When I walk into a fitness studio, I'm typically excited—hair pulled back, water bottle in hand, and ready to sweat. I say "typically," because there's one dreaded piece of equipment that makes me want to turn around and head straight back to the locker room: sliders (sometimes also referred to as gliders). Those hand- and foot-sized discs that help you slide around on the floor look cute, even fun. But the second you put one under your hands in a plank pose or under your feet during a lunge, muscles start to burn.
Of course, the fact that sliding discs amp up many forms of exercise are exactly what trainers love about them. Take celebrity trainer Erin Oprea, who's beloved on Instagram for her at-home, DIY-equipment workouts. Last week, Oprea posted a video showcasing a few go-to exercises, like lunges, plank jacks, and mountain climbers, with one difference: She wore socks so her feet would slide along the hardwood floor as she did each move.
Check out the video here:
The biggest benefit of using sliders is that they really engage your core.
"Sliders will drastically increase your balance and core strength over time if used correctly," certified personal trainer Bianca Vesco tells SELF. They add an element of instability that requires your core to work harder to keep you balanced so you can perform the exercises properly (without uncontrollably sliding all over the place).
Let's take a reverse lunge, one of Oprea's favorite glider moves, as an example. "In a standard lunge, your control is mostly tested at the top when you have to balance before switching legs, and at the bottom when you land," says Vesco. "When using gliders, your core and every muscle in your leg must work together the entire time." Sliding means you engage your core constantly, in addition to the other muscles doing work, throughout the entire movement.
"If you're doing a lunge slide, that leg is never getting a break," agrees Oprea. "Your whole body is [working] to stabilize you." In a lunge, you're working your quads, hamstrings, and glutes, plus the muscles in your core that are responsible for keeping you stable as you move (in daily life and at the gym). The gliders help you keep these muscles super engaged throughout the entire movement.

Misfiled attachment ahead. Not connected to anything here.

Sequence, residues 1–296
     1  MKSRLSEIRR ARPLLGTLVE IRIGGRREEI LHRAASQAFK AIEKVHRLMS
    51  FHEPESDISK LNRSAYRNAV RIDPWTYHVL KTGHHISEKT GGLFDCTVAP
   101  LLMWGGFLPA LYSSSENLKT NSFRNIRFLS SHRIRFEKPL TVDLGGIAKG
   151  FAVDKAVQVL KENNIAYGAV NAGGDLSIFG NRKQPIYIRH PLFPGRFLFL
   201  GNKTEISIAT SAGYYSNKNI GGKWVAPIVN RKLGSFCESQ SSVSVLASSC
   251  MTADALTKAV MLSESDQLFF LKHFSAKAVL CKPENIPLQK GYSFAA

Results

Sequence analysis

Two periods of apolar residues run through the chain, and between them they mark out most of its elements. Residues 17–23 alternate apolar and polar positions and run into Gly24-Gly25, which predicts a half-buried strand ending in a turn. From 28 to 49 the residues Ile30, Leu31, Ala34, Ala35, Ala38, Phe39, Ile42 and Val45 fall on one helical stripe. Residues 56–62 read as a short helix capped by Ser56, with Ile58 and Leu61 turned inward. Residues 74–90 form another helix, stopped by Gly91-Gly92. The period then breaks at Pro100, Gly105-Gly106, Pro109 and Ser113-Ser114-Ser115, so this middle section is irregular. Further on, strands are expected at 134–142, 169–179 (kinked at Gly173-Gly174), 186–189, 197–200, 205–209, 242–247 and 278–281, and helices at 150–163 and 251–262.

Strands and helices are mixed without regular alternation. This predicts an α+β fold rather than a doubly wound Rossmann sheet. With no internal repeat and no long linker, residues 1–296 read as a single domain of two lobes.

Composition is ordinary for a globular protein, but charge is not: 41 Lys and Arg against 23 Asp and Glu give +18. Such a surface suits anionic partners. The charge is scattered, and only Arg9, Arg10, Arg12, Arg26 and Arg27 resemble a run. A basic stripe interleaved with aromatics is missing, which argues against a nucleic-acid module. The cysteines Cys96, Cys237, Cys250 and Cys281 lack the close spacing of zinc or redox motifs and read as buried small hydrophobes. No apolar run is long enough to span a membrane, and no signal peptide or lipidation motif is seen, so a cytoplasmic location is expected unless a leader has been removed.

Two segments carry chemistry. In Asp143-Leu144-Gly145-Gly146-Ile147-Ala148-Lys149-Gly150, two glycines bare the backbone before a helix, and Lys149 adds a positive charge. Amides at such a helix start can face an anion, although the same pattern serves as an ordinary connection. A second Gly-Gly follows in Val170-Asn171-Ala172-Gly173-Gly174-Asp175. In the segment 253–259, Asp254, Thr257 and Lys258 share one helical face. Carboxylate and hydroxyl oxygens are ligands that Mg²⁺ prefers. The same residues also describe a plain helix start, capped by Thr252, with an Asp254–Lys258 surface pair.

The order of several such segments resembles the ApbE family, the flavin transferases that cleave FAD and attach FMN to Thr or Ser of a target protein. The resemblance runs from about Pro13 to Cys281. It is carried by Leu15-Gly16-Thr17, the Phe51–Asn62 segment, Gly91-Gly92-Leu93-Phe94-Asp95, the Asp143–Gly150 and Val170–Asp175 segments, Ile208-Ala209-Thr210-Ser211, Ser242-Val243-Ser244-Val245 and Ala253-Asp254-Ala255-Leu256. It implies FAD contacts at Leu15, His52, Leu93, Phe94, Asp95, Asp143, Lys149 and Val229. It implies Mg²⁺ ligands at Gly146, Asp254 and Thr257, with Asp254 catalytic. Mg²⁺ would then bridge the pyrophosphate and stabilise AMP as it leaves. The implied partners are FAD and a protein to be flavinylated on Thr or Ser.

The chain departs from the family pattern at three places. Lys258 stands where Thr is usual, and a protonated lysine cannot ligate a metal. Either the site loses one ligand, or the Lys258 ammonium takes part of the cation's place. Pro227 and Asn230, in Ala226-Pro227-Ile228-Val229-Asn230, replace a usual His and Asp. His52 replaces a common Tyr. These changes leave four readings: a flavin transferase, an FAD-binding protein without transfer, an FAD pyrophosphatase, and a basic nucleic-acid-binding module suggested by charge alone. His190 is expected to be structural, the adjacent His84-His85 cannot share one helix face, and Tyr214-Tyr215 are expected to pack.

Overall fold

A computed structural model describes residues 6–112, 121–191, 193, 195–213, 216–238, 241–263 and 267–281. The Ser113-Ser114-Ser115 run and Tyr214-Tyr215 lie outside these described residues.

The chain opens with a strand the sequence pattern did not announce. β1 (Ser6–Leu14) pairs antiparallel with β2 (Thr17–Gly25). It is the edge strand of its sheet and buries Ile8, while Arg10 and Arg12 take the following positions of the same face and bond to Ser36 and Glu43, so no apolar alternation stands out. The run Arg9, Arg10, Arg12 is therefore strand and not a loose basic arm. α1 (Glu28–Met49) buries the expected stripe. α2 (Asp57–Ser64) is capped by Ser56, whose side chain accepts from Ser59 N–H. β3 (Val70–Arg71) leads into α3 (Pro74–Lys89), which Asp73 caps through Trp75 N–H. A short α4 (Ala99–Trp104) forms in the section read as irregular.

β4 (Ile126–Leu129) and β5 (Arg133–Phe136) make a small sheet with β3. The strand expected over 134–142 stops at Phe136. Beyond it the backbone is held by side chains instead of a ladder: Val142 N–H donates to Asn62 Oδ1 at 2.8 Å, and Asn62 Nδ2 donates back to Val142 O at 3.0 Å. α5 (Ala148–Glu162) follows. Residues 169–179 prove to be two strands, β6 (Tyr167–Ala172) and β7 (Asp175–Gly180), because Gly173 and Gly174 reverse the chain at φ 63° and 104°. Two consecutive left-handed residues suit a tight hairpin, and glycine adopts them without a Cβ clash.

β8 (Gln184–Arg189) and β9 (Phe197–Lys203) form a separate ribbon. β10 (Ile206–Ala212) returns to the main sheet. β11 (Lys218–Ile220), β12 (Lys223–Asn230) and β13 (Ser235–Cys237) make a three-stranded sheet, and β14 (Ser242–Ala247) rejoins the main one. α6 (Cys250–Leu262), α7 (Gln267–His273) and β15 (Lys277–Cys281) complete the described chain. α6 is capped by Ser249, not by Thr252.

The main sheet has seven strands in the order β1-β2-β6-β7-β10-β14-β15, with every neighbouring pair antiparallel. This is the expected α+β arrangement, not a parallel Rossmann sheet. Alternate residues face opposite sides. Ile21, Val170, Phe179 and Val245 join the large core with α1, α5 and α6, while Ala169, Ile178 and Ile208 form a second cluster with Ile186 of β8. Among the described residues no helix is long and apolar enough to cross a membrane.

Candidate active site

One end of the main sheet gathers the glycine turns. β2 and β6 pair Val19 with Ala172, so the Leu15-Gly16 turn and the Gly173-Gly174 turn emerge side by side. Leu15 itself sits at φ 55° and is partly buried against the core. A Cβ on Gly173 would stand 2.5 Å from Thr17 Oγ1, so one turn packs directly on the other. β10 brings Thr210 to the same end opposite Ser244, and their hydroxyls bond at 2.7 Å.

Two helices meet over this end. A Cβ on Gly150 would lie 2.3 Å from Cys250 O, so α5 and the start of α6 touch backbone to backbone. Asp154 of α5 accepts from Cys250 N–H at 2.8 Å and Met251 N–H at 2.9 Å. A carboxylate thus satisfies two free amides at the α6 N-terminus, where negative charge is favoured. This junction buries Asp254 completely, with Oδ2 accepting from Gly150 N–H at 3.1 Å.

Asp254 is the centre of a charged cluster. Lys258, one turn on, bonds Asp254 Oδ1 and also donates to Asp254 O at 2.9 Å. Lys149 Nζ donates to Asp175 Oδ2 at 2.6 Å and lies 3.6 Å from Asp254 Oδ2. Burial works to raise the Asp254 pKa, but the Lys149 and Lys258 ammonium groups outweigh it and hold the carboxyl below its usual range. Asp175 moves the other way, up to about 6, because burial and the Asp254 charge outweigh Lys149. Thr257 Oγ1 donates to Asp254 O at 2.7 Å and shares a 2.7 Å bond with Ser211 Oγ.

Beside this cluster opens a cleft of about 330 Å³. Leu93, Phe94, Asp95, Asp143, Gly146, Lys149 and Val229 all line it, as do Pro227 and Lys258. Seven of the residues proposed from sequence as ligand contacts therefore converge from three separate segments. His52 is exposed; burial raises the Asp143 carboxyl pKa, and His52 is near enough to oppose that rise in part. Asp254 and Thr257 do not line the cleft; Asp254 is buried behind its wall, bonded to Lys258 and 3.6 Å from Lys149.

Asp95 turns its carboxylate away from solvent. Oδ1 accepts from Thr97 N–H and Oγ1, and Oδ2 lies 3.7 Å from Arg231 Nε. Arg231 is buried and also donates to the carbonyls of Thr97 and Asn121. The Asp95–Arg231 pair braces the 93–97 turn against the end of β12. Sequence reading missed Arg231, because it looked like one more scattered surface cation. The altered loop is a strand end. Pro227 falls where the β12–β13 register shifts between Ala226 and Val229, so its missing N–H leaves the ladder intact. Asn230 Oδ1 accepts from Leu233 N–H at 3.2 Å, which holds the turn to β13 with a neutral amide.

Adding sliders to an exercise will make it feel more challenging overall.
When you add sliders to an exercise, you might find you're sore in new places in the days following, Charlee Atkins, C.S.C.S., creator of Le Sweat, tells SELF. In addition to the primary benefit of core stability, gliders can get you working your other muscles more intensely than you're used to. Not only do they make you tap into your small stabilizing muscles that may not normally get so much love during your typical workouts, but they also increase the number of muscle groups you're working, says Atkins.
That can make everything feel more challenging. Typically, the more muscle groups you're using at one time, the harder your body has to work to perform the movement. So whether you're doing lunges or a body saw in plank pose, most exercises will likely feel more challenging once gliders are involved.
As a bonus, "your brain is super engaged in trying to manage everything going on," says Atkins, which means you'll also be training your mind and specifically, your ability to really focus on performing an exercise the right way.
Here's a great slider workout you can try.
For a sample glider workout, Oprea suggests doing 15 seconds of reverse lunges and 15 seconds of lateral lunges, followed by 30 seconds each of plank jacks, mountain climbs, and plank twists, ending with 10 to 15 seconds of hamstring curls. Rest for one minute, and then repeat two more times (for a total of three). She demos all of the moves for this circuit in the video above.
For Oprea, it's the sliding motion that's important, not the sliders or gliders themselves. "You can wear socks, use towels, sliding discs, or paper plates on carpet," she wrote on Instagram. Whatever gets you sliding will do the trick.